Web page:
The NOTAM argument seems to fail at this point no matter which interpretation you make. I am sure Randle and his team can convince themselves that the believed (not substantiated) absence of a NOTAM proves there was no fight number four but imply- ing that it is a proven fact is simply wishful thinking. Pontificating is not the same thing as establishing facts with incontrovertible proof.
In another attempt to falsify the project MOGUL explanation, Kevin Randle dusts off another one of his old arguments:
I’m not even going to bother with the argument that Mogul wasn’t all that secret... with pictures of it published in the newspapers on July 10, 1947, and the name being used in all sorts of non-classified publications which eliminates another of the legs for the Mogul ex- planation.20
He essentially stated the same thing back in 2008:
The point that the skeptics and debunkers refuse to understand is that the balloon launches in New Mexico, the equipment used and sci- ence being conducted there was not classified. Get it. There was nothing classified about what was going on in New Mexico. 21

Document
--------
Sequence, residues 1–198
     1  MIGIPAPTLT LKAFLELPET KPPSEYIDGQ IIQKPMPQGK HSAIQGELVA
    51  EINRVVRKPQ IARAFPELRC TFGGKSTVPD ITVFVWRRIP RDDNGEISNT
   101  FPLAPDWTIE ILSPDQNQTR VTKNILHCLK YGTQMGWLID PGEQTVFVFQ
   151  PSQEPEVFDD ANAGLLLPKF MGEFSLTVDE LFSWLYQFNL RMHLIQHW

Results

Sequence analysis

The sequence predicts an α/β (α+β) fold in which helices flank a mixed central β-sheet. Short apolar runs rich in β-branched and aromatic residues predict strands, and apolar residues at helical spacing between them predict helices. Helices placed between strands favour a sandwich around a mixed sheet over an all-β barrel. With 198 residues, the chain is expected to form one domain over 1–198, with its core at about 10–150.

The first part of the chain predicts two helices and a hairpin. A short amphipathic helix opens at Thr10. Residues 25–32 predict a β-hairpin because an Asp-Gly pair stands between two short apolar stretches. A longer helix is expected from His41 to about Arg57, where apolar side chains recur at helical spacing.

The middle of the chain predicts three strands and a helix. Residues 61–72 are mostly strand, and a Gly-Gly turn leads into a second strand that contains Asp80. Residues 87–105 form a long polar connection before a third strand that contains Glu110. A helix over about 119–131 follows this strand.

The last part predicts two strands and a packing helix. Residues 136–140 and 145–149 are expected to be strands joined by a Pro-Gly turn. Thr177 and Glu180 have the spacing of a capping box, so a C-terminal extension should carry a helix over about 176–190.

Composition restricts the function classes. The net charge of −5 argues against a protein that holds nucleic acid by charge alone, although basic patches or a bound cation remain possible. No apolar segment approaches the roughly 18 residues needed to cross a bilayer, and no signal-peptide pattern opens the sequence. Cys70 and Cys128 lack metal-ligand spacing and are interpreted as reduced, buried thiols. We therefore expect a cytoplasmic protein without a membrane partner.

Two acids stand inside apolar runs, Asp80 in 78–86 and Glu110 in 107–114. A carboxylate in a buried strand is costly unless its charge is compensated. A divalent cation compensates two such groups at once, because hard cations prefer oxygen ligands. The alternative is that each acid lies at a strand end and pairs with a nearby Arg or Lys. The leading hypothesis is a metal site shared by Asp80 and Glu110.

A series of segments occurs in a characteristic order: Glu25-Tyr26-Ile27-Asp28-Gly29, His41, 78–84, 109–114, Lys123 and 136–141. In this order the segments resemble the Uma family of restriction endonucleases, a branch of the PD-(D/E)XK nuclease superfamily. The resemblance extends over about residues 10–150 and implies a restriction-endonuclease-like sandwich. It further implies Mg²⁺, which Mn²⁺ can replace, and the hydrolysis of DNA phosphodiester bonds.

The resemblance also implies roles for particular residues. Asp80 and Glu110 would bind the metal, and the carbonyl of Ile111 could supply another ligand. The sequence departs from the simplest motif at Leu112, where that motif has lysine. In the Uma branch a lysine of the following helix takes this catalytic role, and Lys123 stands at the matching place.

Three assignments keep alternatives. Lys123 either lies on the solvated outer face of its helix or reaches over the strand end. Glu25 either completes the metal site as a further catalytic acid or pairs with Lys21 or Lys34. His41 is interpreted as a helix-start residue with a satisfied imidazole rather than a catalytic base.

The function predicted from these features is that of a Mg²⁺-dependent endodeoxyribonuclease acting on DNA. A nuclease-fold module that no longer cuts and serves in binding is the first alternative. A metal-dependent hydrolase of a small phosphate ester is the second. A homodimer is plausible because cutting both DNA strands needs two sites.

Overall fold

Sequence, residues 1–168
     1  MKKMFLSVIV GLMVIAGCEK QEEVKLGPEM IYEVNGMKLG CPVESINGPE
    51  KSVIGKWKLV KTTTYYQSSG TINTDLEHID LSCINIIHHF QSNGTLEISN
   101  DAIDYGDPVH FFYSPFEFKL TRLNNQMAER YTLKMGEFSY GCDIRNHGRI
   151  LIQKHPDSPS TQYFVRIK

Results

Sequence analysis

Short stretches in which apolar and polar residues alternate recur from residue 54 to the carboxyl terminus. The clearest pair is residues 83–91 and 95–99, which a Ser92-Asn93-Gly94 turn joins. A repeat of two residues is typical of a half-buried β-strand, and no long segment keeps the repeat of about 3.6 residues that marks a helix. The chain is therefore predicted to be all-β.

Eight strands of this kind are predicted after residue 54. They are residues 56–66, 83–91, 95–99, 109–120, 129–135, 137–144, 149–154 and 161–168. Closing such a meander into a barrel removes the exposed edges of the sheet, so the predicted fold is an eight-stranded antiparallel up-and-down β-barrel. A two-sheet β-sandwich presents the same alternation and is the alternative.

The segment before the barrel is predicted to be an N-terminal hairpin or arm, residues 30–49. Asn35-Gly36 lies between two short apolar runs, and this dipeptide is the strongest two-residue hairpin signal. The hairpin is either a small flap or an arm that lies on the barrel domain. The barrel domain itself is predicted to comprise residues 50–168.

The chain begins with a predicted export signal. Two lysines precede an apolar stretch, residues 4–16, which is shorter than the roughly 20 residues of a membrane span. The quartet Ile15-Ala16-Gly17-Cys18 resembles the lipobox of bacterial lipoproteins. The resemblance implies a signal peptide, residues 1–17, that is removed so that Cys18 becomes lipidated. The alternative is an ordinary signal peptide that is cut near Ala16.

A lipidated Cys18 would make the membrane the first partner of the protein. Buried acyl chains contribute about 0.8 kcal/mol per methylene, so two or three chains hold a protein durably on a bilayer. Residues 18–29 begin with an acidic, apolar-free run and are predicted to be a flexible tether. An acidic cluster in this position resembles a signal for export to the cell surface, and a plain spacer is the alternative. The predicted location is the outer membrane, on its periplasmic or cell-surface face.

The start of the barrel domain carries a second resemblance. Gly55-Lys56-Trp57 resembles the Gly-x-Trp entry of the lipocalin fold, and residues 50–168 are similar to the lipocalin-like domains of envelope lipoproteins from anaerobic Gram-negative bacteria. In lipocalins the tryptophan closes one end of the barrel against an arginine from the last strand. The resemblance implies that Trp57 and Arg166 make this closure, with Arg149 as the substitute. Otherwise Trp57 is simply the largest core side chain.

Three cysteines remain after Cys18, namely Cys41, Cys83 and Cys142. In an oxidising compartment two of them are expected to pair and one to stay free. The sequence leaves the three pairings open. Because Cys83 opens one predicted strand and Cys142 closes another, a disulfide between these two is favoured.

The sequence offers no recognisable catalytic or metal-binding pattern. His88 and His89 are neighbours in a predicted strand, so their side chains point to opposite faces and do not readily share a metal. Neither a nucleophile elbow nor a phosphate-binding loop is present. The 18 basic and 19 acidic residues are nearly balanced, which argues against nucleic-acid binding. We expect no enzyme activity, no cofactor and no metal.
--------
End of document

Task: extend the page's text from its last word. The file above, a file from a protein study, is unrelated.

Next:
Like so many of Randle’s arguments, he appears to be telling only half the story. As a military officer, he would know that any classi- fied operation has OPERATIONAL SECURITY (OPSEC). OPSEC is trying to prevent unclassified information from being used to piece together what the classified nature of a mission/program is. I experienced this several times when I was aboard Navy Submarines deploying for a classified mission. Deployment dates/underway times were considered classified as OPSEC and I remember being briefed about this. The best example I recall occurred when I reported aboard USS Providence. I had orders for another submarine but they were changed while I was on leave. I was called at my home and told I needed to report to USS Providence within a week. I was unable to obtain any more information than this even when I contacted the submarine. I spent a few hectic days trying to rearrange my travel plans in order to get to Connecticut in time. It was not until I reported aboard, did I know when and where the ship was deploying.